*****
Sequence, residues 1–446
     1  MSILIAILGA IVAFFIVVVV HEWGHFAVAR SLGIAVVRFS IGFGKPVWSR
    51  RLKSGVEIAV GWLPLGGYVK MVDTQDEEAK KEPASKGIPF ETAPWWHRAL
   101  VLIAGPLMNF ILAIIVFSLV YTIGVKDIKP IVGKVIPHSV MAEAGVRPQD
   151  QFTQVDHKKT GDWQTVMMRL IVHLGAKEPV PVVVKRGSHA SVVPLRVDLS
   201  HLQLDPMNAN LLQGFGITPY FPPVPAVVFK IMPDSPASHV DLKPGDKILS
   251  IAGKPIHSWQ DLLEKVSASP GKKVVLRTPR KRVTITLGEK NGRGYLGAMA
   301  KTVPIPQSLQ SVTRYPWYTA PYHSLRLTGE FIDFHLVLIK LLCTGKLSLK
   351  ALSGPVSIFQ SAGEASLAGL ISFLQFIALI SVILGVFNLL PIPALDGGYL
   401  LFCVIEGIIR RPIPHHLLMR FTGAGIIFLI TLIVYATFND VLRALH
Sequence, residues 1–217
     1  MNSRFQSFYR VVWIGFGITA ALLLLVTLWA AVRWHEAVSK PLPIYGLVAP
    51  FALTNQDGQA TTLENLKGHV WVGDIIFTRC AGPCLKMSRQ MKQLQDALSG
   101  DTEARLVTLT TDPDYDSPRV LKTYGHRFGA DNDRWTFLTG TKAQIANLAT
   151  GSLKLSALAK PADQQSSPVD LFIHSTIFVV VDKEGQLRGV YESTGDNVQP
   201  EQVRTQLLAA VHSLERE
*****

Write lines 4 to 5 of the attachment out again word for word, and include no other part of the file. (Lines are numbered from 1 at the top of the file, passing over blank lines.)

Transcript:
   101  VLIAGPLMNF ILAIIVFSLV YTIGVKDIKP IVGKVIPHSV MAEAGVRPQD
   151  QFTQVDHKKT GDWQTVMMRL IVHLGAKEPV PVVVKRGSHA SVVPLRVDLS